There are various professions offering good salaries and, subsequently, decent lifestyles for the job-holder. However, not all individuals choose their occupation based on the need for money or financial glory. In many cases, the aspiration for employment comes from prestige and respect such as the legal profession, specifically the barrister.
While many people use the term ‘barrister’ interchangeably with lawyer or solicitor, there are differences between the occupations. In fact, barristers hold a distinct difference from lawyers and solicitors despite all individuals having the same legal education. This article will provide information about criminal barristers, how they differ from lawyers and solicitors, and the duties they perform.
As is mentioned, the common denominator between all members of the legal profession is a legal education. Once an education has been gained and licenses obtained, the individuals differ regarding their clientele. A barrister will not deal directly with people seeking legal assistance. Instead, the barrister will work with solicitors who act as the general point of contact for the public.
A barrister cannot handle clients’ cases independently and will require assistance from other legal professionals, such as solicitors or drafting clerks, to prepare for trial. While the barrister requires assistance for trial preparation, it is possible for the barrister to practice independently. Independent practice depends entirely on the type of law being practised by the professional. Typically, there are two basic categories: civil law and criminal law.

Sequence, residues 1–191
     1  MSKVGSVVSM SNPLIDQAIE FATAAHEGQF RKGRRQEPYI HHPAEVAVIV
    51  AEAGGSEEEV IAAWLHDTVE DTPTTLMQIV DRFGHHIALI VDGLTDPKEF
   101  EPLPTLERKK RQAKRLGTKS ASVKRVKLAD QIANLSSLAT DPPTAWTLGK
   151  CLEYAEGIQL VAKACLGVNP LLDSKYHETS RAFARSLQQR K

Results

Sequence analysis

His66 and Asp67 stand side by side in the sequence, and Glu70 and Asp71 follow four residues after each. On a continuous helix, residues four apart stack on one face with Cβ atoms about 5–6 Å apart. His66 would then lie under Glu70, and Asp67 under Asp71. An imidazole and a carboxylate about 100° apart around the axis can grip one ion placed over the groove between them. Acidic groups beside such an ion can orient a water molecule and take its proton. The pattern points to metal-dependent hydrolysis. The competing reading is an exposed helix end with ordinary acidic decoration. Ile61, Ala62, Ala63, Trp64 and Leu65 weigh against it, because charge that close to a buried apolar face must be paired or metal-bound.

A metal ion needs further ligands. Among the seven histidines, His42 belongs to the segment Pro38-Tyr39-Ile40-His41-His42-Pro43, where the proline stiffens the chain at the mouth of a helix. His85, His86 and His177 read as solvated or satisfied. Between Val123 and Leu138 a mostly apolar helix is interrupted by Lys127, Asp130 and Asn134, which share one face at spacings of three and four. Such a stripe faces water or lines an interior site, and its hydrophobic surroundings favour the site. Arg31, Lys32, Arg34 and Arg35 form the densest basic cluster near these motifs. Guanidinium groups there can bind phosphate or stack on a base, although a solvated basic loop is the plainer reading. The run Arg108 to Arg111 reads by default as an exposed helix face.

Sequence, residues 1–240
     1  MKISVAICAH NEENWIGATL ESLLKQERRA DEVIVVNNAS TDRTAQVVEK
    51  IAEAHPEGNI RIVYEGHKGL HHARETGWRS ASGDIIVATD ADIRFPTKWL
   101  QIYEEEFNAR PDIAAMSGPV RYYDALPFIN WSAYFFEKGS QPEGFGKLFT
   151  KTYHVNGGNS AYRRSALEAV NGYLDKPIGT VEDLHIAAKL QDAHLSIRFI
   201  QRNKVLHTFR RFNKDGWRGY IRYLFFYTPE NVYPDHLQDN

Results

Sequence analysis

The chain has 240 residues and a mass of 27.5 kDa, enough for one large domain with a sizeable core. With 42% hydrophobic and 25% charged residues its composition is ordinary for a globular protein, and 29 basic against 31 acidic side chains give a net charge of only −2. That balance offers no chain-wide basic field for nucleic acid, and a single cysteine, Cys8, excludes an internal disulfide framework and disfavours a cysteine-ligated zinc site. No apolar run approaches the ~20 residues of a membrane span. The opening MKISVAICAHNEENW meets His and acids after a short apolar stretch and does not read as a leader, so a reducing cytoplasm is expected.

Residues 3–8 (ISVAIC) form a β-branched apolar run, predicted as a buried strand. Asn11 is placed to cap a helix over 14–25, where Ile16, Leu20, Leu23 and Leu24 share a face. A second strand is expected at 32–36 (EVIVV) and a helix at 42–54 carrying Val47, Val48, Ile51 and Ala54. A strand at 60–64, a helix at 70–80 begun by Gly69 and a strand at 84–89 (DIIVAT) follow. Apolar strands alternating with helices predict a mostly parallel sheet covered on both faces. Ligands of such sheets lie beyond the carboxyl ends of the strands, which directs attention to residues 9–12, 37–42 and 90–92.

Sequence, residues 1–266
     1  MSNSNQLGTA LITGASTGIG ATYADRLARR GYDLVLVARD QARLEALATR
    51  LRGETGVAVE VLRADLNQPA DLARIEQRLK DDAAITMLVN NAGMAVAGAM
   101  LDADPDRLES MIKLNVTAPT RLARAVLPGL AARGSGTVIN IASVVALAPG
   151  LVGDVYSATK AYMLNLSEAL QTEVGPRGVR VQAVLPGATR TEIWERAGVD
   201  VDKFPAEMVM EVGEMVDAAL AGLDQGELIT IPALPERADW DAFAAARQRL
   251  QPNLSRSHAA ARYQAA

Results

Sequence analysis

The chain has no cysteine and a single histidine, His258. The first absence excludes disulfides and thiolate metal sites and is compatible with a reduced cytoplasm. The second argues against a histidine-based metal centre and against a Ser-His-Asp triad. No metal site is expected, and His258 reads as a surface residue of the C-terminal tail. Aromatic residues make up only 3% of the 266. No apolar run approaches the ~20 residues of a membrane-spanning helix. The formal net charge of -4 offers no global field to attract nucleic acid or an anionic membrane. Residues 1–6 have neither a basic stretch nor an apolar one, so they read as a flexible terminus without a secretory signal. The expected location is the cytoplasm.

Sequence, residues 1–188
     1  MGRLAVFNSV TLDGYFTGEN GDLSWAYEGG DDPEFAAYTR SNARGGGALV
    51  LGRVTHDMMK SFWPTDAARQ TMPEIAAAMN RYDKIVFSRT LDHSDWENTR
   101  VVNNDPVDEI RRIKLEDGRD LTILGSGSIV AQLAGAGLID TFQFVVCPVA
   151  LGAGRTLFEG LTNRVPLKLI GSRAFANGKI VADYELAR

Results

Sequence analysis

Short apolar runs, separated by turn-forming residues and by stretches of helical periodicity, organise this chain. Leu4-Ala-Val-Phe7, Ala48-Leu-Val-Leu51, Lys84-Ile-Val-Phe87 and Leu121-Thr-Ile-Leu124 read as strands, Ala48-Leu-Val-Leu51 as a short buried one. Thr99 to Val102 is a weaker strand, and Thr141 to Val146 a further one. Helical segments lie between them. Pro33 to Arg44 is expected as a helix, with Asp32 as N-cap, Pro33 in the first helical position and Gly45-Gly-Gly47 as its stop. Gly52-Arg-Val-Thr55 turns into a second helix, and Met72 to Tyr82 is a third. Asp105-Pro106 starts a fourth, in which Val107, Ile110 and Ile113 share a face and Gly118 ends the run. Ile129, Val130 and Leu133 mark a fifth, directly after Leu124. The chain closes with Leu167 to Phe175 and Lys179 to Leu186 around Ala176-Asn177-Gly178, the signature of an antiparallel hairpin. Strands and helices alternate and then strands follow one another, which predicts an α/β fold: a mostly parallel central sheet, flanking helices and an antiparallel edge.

Barristers specialising in criminal law will work on criminal lawsuits specialising in homicide law, sexual offense-related laws, juvenile delinquency laws, etc. To conduct a successful lawsuit and representation of their clients, it is important that the barristers have specific skills. An effective barrister will be adept at oration, debating, analysis, and reading psychological responses. While this can all be learned via courses, it is only through years of experience that a criminal barrister can become proficient in representation.
It is important to remember that progression to the role of barrister is only possible after working as a lawyer for several years. During these years as a lawyer, it is necessary for the individual to gain in-depth knowledge of the legal system and its workings. A strong knowledge of the system and how to function within the system will contribute to being a successful barrister. To become a criminal barrister, it is necessary to gain experience in criminal law for several years before application to be a barrister. You may be able to view the educational achievements and work history of expert barristers in news articles online, like this one for Michael Wolkind, and this can show you how long it takes such a person to reach the position they are in.